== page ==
Feasibility Study for Encapsulated Mass Timber Construction

Across Canada more knowledge of the costs, benefits, design development, and supply chain implications of encapsulated mass timber construction (EMTC) is needed.  “A Comparative Feasibility Study for Encapsulated Mass Timber Construction” compares costs between concrete, steel, and EMTC in 7-12 storey buildings. The study examines building forms in three different climate regions and presents practical approaches to using EMTC structural components and building concepts. The report considered embodied carbon reductions, thermal performance and avoided emissions. It also explores GHG emissions in compliance with provincial regulations as well as the financial viability of EMTC as a solution to address carbon emissions, energy use and the need for affordable housing.

To compare methods and means of construction, the researchers developed comprehensive seven to 12-storey archetypes using point-supported 7-ply CLT, three typical building styles in three BC bylaw and climatic regions — Vancouver, Coquitlam and Kamloops. Many of the design strategies developed in the three EMTC archetypes are solutions for improving building performance and durability. These solutions enable the best potential use of biogenic carbon as part of a complete carbon-removal strategy.

A larger goal is to ensure most carbon emissions from buildings are locked in at the time a building is completed. Increasingly, EMTC buildings are being considered for further embodied carbon reductions due to biogenic carbon removal and for providing a solution to the complexity and cost of concrete or steel buildings while complying with the BC Energy Step Code and Carbon Step Code.

The report was prepared by Morrison Hershfield, Public, Fast + Epp, Hanscomb Quantity Surveyors and Seagate Mass Timber Inc. in partnership with BC Housing, BC Office of Mass Timber Implementation, Canadian Wood Council, Canada Mortgage and Housing Corporation, Forestry Innovation Investment and Governement of Canada.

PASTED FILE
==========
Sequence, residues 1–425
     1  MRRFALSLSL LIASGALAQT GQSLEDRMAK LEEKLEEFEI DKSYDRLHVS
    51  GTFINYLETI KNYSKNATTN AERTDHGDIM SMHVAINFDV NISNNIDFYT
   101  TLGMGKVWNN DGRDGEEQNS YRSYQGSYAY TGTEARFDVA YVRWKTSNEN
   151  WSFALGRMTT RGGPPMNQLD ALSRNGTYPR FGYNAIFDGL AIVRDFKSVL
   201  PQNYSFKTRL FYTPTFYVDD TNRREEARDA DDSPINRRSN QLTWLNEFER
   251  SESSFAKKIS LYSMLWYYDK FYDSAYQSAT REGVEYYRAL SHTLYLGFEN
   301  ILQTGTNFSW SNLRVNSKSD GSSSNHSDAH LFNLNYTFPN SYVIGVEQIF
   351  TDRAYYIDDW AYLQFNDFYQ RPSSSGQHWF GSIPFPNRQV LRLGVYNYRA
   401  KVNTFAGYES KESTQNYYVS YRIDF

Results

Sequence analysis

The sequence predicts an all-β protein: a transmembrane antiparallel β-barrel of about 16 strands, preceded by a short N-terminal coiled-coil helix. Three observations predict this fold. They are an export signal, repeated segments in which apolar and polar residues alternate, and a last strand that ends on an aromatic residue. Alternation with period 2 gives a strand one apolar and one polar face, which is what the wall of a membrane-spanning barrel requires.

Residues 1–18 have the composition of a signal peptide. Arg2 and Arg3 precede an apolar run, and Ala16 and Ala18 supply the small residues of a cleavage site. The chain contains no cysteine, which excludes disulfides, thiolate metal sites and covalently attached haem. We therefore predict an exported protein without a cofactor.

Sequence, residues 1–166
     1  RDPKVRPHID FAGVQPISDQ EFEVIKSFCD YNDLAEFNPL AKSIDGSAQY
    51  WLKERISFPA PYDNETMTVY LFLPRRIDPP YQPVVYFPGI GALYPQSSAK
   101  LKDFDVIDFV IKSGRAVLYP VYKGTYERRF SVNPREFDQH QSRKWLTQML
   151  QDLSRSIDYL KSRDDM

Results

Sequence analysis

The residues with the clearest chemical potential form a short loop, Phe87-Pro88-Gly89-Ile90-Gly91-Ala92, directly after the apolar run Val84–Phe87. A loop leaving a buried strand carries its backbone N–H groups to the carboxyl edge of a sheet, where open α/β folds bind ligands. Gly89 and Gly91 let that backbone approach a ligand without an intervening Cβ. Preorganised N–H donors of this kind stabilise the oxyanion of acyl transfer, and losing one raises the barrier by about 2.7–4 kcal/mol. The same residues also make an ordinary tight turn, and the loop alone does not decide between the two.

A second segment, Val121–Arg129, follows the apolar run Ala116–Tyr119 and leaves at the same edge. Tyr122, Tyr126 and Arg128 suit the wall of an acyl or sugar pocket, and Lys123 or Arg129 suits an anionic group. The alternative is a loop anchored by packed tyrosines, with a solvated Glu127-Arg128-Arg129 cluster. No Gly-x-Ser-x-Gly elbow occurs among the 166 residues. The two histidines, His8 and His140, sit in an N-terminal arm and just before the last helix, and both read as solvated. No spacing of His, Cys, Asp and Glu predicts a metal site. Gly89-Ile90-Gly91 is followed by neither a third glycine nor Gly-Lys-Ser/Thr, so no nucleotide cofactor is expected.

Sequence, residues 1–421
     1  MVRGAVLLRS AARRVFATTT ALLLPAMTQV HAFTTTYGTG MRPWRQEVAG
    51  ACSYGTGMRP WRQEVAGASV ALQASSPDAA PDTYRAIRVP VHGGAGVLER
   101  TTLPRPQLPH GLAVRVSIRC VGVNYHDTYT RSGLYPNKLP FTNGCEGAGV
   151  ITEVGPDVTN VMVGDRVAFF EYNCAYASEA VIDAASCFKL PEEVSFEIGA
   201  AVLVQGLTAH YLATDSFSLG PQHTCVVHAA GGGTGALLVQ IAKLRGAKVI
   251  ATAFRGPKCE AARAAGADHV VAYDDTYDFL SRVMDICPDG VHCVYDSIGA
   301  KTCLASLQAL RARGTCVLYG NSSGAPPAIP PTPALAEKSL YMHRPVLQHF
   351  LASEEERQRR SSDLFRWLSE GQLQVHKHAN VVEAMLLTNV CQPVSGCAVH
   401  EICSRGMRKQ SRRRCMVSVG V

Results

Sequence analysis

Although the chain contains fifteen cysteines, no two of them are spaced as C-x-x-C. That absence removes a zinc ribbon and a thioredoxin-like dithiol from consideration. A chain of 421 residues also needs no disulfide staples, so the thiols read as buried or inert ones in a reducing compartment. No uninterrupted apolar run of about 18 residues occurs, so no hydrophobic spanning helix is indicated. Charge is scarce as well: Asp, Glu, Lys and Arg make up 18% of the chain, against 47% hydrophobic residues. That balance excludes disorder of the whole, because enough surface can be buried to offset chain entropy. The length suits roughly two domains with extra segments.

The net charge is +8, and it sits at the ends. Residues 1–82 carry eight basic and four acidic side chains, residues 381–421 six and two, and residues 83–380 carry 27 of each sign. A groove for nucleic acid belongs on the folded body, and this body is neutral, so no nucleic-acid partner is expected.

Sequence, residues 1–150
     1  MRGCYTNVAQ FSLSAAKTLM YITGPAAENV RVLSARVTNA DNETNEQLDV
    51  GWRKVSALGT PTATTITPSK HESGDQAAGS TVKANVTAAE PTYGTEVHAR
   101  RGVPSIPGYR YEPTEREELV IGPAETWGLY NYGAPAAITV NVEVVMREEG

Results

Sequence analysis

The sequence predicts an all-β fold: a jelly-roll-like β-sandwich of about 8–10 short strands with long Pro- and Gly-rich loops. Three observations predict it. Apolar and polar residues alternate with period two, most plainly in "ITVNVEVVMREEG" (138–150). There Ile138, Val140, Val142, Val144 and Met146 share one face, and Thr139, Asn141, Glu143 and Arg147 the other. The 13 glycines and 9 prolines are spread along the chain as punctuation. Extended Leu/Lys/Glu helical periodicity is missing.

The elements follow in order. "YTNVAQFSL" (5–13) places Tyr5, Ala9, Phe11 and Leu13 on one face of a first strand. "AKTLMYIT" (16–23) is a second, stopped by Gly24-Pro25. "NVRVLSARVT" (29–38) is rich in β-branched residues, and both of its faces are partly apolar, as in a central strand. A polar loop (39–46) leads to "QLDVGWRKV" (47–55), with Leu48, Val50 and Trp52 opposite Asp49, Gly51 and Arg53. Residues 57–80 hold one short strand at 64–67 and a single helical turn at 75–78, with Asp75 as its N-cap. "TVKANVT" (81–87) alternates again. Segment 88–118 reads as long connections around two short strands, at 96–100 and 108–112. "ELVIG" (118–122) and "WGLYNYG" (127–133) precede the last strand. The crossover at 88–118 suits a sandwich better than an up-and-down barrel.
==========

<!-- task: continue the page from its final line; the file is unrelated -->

In parallel with this study, the Mass Timber Navigator was developed to allow researchers to assess both EMTC feasibility and energy code compliance. The tool is an online early design and Energy and Mass Timber parametric costing program. Comparative feasibility data for real estate analysis generated by the Navigator can also be used by developers to produce real estate proformas.

Key insights

  • When assessing economic advantages of EMTC, researchers found three key processes that reduce project costs compared to steel and concrete: increased speed of construction; integration of mass timber structures and façades; and optimization of mechanical and electrical systems.
  • Lifecycle cost advantages offer the best opportunity for EMTC projects to produce the highest ROI.
  • Regarding the Canada Green Building Council’s Net Zero Carbon Performance Standard, report recommendations include: adopting low-carbon energy systems, electrification and low-carbon grids to reduce GHG intensity; and adopting offsite, prefabricated construction to improve building performance and lower costs.

Who is this report for?

  • Developers, builders, engineers, design professionals, building product manufacturers & suppliers: This report offers information on the cost factors associated with EMTC, its compliance with the BC Energy Step Code and BC’s Zero Carbon Step Code, and its potential role in reducing GHG emissions. As well, it presents practical approaches to using EMTC structural components and building concepts that are tested, certified and practice-oriented standard solutions.
  • Local government officials: Planners, environmental staff and elected officials can use this report to develop policies focused on promoting and allowing low-carbon construction, and to aid in the approval process for increased numbers of EMTC buildings, both residential and commercial.
Explore EMTC Feasibility Study

This report explores the value potential of using encapsulated mass timber construction in 7-12 storey buildings to help address the demand for urban housing while also reducing greenhouse gas emissions. It shares lessons learned on energy efficiency, cost savings, schedule speed and code implications.

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